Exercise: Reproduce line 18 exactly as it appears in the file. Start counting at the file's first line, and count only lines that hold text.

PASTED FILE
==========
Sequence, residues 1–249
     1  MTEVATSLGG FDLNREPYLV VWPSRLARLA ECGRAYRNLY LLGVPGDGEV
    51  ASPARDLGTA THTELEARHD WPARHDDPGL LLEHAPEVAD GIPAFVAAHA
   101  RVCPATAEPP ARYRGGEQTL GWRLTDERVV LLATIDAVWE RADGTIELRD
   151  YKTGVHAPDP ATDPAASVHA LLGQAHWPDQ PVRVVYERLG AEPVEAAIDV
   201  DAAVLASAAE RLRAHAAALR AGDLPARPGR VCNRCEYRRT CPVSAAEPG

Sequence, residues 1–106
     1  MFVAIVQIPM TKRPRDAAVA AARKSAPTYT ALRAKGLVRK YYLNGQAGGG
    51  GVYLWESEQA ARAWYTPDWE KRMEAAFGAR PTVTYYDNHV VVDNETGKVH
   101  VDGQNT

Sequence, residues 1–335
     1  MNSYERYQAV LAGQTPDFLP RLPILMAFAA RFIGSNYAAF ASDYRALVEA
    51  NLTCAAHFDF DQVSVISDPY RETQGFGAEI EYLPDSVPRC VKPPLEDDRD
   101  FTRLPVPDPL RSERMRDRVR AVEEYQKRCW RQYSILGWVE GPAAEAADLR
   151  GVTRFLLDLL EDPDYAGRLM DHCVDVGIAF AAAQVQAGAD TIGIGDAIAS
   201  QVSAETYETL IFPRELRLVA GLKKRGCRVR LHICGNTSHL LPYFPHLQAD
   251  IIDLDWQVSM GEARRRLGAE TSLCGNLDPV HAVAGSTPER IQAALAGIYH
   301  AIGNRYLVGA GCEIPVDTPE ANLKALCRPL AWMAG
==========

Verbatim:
   301  AIGNRYLVGA GCEIPVDTPE ANLKALCRPL AWMAG